University of Hawaii, Manoa
This paper concerns the largely unacknowledged
contributions made by the native indios of the Philippines to the
trans-Pacific galleon trade from the late sixteenth century through
the eighteenth century.1 Through its entire 250-year history the
annual Manila-Acapulco galleon voyages depended upon a
local infrastructure of indigenous knowledge, skills, materials,
and labor at all levels of operation. Indios were forced into
service on land as well as sea, serving as laborers, shipwrights,
mariners, navigators, deckhands, and soldiers—taking on the
duties that the Spanish were either unwilling or, in many cases,
unable to fulfill. The extent of the indios’ involvement with the
galleon trade extended across the Pacific, as is evident with
the diaspora communities of indio shipwrights, merchants, and
runaway crewmen that emerged along the coasts of México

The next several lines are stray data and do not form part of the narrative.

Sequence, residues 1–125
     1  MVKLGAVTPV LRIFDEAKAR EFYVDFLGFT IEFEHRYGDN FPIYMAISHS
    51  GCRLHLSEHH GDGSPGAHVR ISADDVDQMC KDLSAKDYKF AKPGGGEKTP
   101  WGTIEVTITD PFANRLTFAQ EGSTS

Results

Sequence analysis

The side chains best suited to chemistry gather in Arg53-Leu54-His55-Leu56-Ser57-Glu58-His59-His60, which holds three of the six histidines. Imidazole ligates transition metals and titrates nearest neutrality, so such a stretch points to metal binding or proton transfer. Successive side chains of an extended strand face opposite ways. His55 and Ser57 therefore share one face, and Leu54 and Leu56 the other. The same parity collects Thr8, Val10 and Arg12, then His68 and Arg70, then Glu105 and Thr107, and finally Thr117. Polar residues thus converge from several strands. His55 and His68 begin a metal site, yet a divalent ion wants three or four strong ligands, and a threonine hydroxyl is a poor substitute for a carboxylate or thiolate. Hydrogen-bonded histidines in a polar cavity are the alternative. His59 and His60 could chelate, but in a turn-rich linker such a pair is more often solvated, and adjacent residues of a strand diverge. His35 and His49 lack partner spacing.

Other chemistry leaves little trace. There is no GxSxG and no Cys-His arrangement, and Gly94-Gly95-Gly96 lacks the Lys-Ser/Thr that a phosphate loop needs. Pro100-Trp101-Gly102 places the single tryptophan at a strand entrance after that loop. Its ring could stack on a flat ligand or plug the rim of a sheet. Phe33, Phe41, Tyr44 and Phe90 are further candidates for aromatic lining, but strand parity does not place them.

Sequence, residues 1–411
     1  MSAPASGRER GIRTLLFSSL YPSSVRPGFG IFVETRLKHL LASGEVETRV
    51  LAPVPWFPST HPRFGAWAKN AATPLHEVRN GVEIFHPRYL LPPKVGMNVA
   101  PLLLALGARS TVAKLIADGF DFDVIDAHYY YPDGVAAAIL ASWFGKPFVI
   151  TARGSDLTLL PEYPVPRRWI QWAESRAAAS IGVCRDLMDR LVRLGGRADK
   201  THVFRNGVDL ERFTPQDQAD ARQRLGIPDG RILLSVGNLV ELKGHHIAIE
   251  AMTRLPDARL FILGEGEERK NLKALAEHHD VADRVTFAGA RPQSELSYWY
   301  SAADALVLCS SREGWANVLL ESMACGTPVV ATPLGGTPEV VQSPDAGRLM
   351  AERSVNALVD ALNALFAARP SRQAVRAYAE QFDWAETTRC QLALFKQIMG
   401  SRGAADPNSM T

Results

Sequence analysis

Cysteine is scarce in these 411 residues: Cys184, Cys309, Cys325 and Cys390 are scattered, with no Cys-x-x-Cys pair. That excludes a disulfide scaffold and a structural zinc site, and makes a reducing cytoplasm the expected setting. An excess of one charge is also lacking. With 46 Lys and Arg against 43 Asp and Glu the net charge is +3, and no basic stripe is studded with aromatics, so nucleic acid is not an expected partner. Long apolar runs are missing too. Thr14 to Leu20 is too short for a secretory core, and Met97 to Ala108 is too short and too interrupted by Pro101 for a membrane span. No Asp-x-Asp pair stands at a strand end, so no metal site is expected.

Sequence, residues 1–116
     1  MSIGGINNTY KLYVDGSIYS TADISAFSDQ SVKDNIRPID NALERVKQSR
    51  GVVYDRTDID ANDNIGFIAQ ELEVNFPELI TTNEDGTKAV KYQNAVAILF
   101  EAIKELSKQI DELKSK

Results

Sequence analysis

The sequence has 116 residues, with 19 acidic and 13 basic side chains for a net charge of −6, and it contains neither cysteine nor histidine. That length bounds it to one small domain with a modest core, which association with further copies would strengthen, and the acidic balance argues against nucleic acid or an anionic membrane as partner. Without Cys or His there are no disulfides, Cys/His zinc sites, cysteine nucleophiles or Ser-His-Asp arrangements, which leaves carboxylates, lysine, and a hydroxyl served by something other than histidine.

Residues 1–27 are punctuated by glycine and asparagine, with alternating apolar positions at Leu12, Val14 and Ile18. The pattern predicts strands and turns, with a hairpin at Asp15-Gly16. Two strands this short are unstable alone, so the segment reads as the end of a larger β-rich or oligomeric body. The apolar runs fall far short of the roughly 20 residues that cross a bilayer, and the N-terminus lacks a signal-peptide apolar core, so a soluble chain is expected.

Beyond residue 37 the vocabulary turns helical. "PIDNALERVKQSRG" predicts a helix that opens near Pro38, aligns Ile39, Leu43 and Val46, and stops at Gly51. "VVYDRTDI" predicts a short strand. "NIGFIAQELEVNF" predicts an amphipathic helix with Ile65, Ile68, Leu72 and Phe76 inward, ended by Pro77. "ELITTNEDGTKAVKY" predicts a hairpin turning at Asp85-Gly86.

and California as early as the late sixteenth century. To date,
histories of the Manila Galleons have focused on the global
economic significance of the trade, namely the exchange of
silver for silk, and the fiscal and commercial impact this trade
had upon the kingdoms of Spain and China.2 This paper offers
a new social history of the Manila-Galleon trade by focusing
on the indigenous population of the Philippines and the roles
they played in keeping the trade operational. Thus, the ManilaAcapulco galleon trade will be taken out of its global economic
context in order to make way for a more careful examination